We here at Zumic are all about new and exciting music, and being based in Brooklyn we get to experience quite a few exciting new bands. New York’s Tempers is one of those bands: an exciting, darkly upbeat two piece consisting of guitarist Eddie Cooper and vocalist Jasmine Golestaneh. Tempers’ sound is dark and manic while still being melodic enough where it’s nearly impossible not to move with the music.
While Tempers currently have very little music available, what is available makes quite an impression. Currently the group has two songs posted (“Eyes Wide Wider” and “Hell Hotline”), but both are attention grabbers. Working in a music website office all day, I listen to music constantly. “Eyes Wide Wider” was one of the few tracks that made me stop what I was doing and crank my headphones to ear-rattling levels. The swirling song is dark and omnious, yet instantly danceable and sexy (The fantastic video they made for the song only reinforces the vibe of the tune, check it out here). Golestaneh’s unique delievery seems made for Cooper’s darting guitar and distorted soundscapes, a feeling only further reinforced by “Hell Hotline”.
I was lucky enough to catch Tempers when they played The Knitting Factory in Williamsburg with Esteban & The Witch and Heliotropes. The vibe was somewhat quiet at first, which is strange for the type of music Tempers make, but they soon had people filtering in early once they hit the stage. It didn’t take the band long to hit their stride, and once they did, they seemed perfectly suited for what they are trying to do: Cooper channeled Johnny Marr onstage, and Golestaneh showed off a Nico-esque stage presence that was all dark sensuality. The material that was new to me kept me as intrigued as their previous work, all in all a very cool show.
Check out our interview with them below:
DF: Jasmine, you’ve lived all over the world, how would you say your experiences living all over the world shape your writing and your art in general? What made you settle on New
Jasmine: Growing up, moving countries and having no concept of national identity – I’m half Iranian, half Latvian – means I have no innate sense of belonging anywhere. I think that has served me well as an artist because I’ve learned how to conjure my own worlds, and furnish them with the emotional colors and aesthetics that I want to inhabit. They are like spiritual homelands for me. I think of Tempers as a self-contained realm that people are invited to step into and experience. What is special about New York is that so many people like to connect with each other based on the flavor of their dreams and passions as opposed their background or their past. I love New York ferociously.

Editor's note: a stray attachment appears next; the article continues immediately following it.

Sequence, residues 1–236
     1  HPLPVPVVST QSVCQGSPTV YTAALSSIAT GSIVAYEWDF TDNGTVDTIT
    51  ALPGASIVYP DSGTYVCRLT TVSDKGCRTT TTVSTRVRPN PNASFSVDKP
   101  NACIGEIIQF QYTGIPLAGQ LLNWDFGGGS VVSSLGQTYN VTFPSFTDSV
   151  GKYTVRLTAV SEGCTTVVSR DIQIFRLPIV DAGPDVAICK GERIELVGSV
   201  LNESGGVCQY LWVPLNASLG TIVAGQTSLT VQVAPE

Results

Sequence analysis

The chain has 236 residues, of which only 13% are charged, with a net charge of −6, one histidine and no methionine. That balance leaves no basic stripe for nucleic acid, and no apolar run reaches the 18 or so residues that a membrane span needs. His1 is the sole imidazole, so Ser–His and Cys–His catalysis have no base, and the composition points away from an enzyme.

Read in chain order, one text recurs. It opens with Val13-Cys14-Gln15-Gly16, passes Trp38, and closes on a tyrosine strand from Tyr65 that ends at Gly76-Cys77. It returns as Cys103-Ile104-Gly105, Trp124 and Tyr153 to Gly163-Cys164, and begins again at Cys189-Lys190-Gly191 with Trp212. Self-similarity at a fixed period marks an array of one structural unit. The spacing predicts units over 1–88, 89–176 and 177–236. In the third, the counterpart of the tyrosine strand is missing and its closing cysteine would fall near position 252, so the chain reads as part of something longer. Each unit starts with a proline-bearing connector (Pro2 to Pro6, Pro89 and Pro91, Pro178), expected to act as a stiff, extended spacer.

DF: Talk a little bit if you could about the different processes each of your project requires. It seems like you’ve got quite a few things going on at any time. I really dug checking out your collages by the way…
Jasmine: When Eddie and I are writing music, it’s as though our songs are already written in the ethers, and our job is to listen as best we can and interpret them into reality. Making collages has a similar process, only it’s visual listening for what images are speaking to each other the loudest, and to recognize when their voices are harmonizing in an interesting way.
DF: The video for “Eyes Wide Wider” is great, could you tell us a bit about that process? (Watch the video here)
Jasmine: The video was shot in the Berkshires. It was a very surreal process, our small crew lugging a free standing pole, 40 pounds of dry ice in a wheelbarrow, and a fog machine, through intense hikes in the forest and down to a waterfall. Then we had a short window of time to shoot, and I did as many pole dancing tricks in extreme conditions as possible. I felt like Werner Herzog on the pole.
DF: How does Tempers write as a band? Separately? Which is written first, the music or the words, and how much to you two collaborate?
Eddie: Our writing process has evolved recently – it’s becoming more and more flexible, and that’s been really motivating. We’ve always been studio-based; in the beginning that meant the two of us laboring over every molecule of the music, after which Jasmine would write lyrics and vocal melodies on her own. Then we’d come back and work on it and put it all together. That was a crucial phase, not just because we developed creative trust, but because we watched “Tempers” be unearthed as this set of intuitive, objective principles that live outside of the two of us. I won’t try to say what those principles are. It’s an unspoken manifesto. But over time we realized that because of that period we can now just channel those principles anytime we want, together or apart. Recently, Jasmine’s been writing
lyrics and melodies with a guitar, and we’ve been amazed at how natural it is to adapt those sketches to a full-on Tempers aesthetic.
DF: What are Tempers’ plans for this year? Is a record planned? How about a tour?
Eddie: There’s a lot we’re looking forward to in the coming months – Pendu Sound is releasing our second single, “Strange Harvest” on April 24th, accompanied by an acoustic version of this very electronic song. Currently, Gang Gang Dance are remixing our song “Hell Hotline,” and that will come out in May; we’re insanely excited about it. We’re going to tour the East Coast this summer, and up until then we’ll continue writing and recording.
DF: Thanks so much guys, good luck in the future!
Keep and eye on Tempers folks, they are certainly smack dab in the middle of my radar and have a lot of exciting material coming very soon.
For more news on Tempers, check their website for updates.